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Parker Drilling Company 10-Q 2005

Documents found in this filing:

  1. 10-Q
  2. Ex-15
  3. Ex-31.1
  4. Ex-31.2
  5. Ex-32.1
  6. Ex-32.2
  7. Ex-32.2
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Table of Contents

 
 
UNITED STATES SECURITIES AND EXCHANGE COMMISSION
Washington, D.C. 20549
 
FORM 10-Q
 
(MARK ONE)
     
þ   QUARTERLY REPORT PURSUANT TO SECTION 13 OR 15(d) OF THE SECURITIES EXCHANGE ACT OF 1934
For The Quarterly Period Ended SEPTEMBER 30, 2005
               OR
     
o   TRANSITION REPORT PURSUANT TO SECTION 13 OR 15(d) OF THE SECURITIES EXCHANGE ACT OF 1934
For the transition period from _________ to _________
               Commission File Number 1-7573
PARKER DRILLING COMPANY
(Exact name of registrant as specified in its charter)
     
Delaware   73-0618660
     
(State or other jurisdiction of   (I.R.S. Employer Identification No.)
incorporation or organization)    
1401 Enclave Parkway, Suite 600, Houston, Texas 77077
(Address of principal executive offices) (Zip code)
(281) 406-2000
(Registrant’s telephone number, including area code)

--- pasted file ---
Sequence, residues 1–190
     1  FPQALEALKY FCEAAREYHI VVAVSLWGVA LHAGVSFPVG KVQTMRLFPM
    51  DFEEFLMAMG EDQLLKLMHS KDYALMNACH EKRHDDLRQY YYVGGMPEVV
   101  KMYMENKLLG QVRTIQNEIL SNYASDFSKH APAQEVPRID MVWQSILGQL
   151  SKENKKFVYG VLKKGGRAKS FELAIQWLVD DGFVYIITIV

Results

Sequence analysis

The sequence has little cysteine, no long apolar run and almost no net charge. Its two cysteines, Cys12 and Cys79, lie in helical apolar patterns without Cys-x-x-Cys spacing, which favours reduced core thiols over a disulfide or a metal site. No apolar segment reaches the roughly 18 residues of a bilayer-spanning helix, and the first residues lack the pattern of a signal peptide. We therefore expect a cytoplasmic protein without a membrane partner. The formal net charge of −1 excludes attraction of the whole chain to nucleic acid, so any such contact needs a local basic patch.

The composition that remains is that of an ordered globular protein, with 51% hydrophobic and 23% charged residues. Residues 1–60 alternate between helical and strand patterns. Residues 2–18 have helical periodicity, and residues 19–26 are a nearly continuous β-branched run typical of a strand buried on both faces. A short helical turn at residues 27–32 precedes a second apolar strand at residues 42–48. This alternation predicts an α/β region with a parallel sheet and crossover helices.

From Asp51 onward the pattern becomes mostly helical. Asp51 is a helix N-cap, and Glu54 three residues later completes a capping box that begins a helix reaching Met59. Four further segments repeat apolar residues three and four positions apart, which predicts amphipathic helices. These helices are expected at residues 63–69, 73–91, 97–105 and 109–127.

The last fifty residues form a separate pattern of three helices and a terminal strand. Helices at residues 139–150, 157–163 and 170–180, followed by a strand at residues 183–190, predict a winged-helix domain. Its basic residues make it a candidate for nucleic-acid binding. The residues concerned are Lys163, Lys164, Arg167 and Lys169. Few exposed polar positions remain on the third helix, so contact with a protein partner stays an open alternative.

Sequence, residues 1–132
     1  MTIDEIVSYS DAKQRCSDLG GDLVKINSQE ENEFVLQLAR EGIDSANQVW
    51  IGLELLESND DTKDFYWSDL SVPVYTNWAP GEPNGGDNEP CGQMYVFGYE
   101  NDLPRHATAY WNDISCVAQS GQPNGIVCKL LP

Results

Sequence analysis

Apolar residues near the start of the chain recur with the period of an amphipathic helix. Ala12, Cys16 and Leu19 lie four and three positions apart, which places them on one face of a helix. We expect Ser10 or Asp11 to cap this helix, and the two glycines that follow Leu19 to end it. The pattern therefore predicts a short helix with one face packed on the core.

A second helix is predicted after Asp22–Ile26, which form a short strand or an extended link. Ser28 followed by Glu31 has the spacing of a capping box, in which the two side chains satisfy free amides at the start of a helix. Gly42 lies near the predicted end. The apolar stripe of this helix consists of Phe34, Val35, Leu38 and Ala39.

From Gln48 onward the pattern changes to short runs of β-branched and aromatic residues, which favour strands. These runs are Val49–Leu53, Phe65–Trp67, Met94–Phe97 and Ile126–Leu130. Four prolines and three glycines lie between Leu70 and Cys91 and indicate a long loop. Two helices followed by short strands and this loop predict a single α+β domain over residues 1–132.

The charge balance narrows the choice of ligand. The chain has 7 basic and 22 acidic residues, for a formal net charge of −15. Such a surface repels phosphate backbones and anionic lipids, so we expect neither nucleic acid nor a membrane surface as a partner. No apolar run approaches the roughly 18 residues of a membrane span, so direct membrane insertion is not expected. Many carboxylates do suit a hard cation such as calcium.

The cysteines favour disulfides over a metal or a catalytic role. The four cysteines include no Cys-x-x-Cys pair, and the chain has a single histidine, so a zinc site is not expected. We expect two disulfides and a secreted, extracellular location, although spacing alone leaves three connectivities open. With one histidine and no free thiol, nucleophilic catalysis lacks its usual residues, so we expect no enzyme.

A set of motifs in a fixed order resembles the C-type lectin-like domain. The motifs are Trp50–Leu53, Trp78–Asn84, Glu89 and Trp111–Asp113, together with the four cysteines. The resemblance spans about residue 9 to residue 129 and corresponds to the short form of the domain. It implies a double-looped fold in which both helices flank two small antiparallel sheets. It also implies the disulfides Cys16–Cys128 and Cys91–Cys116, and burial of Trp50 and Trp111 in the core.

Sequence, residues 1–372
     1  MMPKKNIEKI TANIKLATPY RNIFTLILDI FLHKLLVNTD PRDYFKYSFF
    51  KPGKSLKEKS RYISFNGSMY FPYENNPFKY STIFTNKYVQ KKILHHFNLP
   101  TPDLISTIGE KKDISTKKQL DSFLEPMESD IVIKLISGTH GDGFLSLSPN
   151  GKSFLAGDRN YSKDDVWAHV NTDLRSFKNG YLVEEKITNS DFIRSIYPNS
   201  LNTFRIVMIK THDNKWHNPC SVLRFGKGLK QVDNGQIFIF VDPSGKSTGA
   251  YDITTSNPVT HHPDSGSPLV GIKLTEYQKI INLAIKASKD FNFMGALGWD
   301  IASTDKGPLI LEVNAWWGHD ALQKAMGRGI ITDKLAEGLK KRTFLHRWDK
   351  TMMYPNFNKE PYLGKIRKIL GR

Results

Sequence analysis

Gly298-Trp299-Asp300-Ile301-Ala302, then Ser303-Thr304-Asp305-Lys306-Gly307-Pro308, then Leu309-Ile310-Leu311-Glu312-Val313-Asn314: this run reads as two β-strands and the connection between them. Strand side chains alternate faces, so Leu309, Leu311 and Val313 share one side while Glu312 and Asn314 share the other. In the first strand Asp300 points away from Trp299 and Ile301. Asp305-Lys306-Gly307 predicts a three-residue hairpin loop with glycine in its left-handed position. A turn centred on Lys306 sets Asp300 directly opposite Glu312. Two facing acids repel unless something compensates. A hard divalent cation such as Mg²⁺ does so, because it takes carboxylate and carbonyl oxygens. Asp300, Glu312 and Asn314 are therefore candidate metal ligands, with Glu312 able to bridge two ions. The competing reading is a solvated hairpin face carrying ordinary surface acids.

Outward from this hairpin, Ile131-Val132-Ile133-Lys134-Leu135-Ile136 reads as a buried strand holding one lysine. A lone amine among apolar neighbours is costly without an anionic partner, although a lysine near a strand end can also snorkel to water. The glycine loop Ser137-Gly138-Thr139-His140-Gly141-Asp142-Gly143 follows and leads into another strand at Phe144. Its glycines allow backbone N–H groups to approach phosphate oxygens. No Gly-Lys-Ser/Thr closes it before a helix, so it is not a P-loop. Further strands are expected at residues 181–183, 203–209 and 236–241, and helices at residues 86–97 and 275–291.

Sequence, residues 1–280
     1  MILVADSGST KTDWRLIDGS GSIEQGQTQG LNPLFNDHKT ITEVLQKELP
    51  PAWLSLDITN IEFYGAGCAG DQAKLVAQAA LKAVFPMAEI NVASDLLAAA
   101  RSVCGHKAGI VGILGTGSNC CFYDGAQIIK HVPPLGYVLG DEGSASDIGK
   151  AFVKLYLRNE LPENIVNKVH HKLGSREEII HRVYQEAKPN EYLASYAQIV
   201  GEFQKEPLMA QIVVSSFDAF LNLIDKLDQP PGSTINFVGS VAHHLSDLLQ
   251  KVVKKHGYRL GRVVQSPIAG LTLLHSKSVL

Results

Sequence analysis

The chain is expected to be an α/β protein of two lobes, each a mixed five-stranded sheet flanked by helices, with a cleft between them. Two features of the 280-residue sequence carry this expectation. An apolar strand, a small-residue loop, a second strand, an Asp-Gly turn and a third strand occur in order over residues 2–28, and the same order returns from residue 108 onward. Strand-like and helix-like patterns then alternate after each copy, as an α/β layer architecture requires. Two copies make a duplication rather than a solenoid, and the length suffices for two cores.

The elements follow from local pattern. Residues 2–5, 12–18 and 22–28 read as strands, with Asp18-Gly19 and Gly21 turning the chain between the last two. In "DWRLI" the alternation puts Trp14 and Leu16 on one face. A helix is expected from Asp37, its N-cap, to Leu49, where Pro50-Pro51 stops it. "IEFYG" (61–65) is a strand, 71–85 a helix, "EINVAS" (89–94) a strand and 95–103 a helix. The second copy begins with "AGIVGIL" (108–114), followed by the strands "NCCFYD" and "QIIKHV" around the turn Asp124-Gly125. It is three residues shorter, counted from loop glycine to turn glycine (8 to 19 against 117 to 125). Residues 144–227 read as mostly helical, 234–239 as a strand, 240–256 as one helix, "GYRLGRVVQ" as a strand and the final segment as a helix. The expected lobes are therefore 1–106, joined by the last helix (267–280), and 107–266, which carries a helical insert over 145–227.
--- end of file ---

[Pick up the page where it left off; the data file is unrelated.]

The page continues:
Indicate by check mark whether the registrant (1) has filed all reports required to be filed by Section 13 or 15(d) of the Securities Exchange Act of 1934 during the preceding 12 months (or for such shorter period that the registrant was required to file such reports), and (2) has been subject to such filing requirements for the past 90 days.
Yes þ No o
     Indicate by check mark whether the registrant is an accelerated filer (as defined in Rule 12b-2 of the Exchange Act). Yes þ No o
     Indicate by check mark whether the registrant is a shell company (as defined in Rule 12b-2 of the Exchange Act). Yes o No þ
     As of October 31, 2005, 97,527,859 common shares were outstanding.
 
 

 


PARKER DRILLING COMPANY

INDEX
     
    Page No.
   
 
   
   
 
   
  2
 
   
  3
 
   
  4
 
   
  5 - 20
 
   
  21
 
   
  22 - 33
 
   
  33
 
   
  34
 
   
  35
 
   
  35
 
   
  35
 
   
  35
 
   
  35
 
   
  35
 
   
  36
 
   
  37
 
   
Officer Certifications
   
 Letter re Unaudited Interim Financial Information
 Certification of CEO Pursuant to Section 302
 Certification of CFO Pursuant to Section 302
 Certification of CEO Pursuant to Section 906
 Certification of CFO Pursuant to Section 906

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Table of Contents

PART I. FINANCIAL INFORMATION
ITEM 1. FINANCIAL STATEMENTS
PARKER DRILLING COMPANY AND SUBSIDIARIES
CONSOLIDATED CONDENSED BALANCE SHEETS
(Dollars in Thousands)
(Unaudited)
                 
    September 30,     December 31,  
    2005     2004  
ASSETS
               
Current assets:
               
Cash and cash equivalents
  $ 91,700     $ 44,267  
Accounts and notes receivable, net
    110,408       99,315  
Rig materials and supplies
    16,866       19,206  
Deferred costs
    7,148       13,546  
Other current assets
    67,746       9,818  
 
           
Total current assets
    293,868       186,152  
 
           
Property, plant and equipment less accumulated depreciation and amortization of $568,957 at September 30, 2005 and $610,485 at December 31, 2004